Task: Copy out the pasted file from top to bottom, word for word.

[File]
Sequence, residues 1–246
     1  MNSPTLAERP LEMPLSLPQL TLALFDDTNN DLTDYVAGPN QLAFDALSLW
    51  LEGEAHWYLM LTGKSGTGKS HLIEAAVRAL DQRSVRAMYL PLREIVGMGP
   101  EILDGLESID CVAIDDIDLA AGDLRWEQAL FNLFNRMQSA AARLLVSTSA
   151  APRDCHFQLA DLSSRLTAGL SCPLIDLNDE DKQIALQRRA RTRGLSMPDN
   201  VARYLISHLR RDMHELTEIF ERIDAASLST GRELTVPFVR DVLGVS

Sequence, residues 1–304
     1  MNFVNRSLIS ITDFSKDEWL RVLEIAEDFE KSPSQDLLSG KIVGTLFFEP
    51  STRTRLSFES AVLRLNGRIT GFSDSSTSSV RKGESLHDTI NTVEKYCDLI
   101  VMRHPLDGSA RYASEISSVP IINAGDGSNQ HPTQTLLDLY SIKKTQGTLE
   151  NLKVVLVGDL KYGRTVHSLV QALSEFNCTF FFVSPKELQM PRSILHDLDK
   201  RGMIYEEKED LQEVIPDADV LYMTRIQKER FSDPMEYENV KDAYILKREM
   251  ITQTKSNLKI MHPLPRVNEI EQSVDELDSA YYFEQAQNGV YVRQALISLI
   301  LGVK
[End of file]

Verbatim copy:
Sequence, residues 1–246
     1  MNSPTLAERP LEMPLSLPQL TLALFDDTNN DLTDYVAGPN QLAFDALSLW
    51  LEGEAHWYLM LTGKSGTGKS HLIEAAVRAL DQRSVRAMYL PLREIVGMGP
   101  EILDGLESID CVAIDDIDLA AGDLRWEQAL FNLFNRMQSA AARLLVSTSA
   151  APRDCHFQLA DLSSRLTAGL SCPLIDLNDE DKQIALQRRA RTRGLSMPDN
   201  VARYLISHLR RDMHELTEIF ERIDAASLST GRELTVPFVR DVLGVS

Sequence, residues 1–304
     1  MNFVNRSLIS ITDFSKDEWL RVLEIAEDFE KSPSQDLLSG KIVGTLFFEP
    51  STRTRLSFES AVLRLNGRIT GFSDSSTSSV RKGESLHDTI NTVEKYCDLI
   101  VMRHPLDGSA RYASEISSVP IINAGDGSNQ HPTQTLLDLY SIKKTQGTLE
   151  NLKVVLVGDL KYGRTVHSLV QALSEFNCTF FFVSPKELQM PRSILHDLDK
   201  RGMIYEEKED LQEVIPDADV LYMTRIQKER FSDPMEYENV KDAYILKREM
   251  ITQTKSNLKI MHPLPRVNEI EQSVDELDSA YYFEQAQNGV YVRQALISLI
   301  LGVK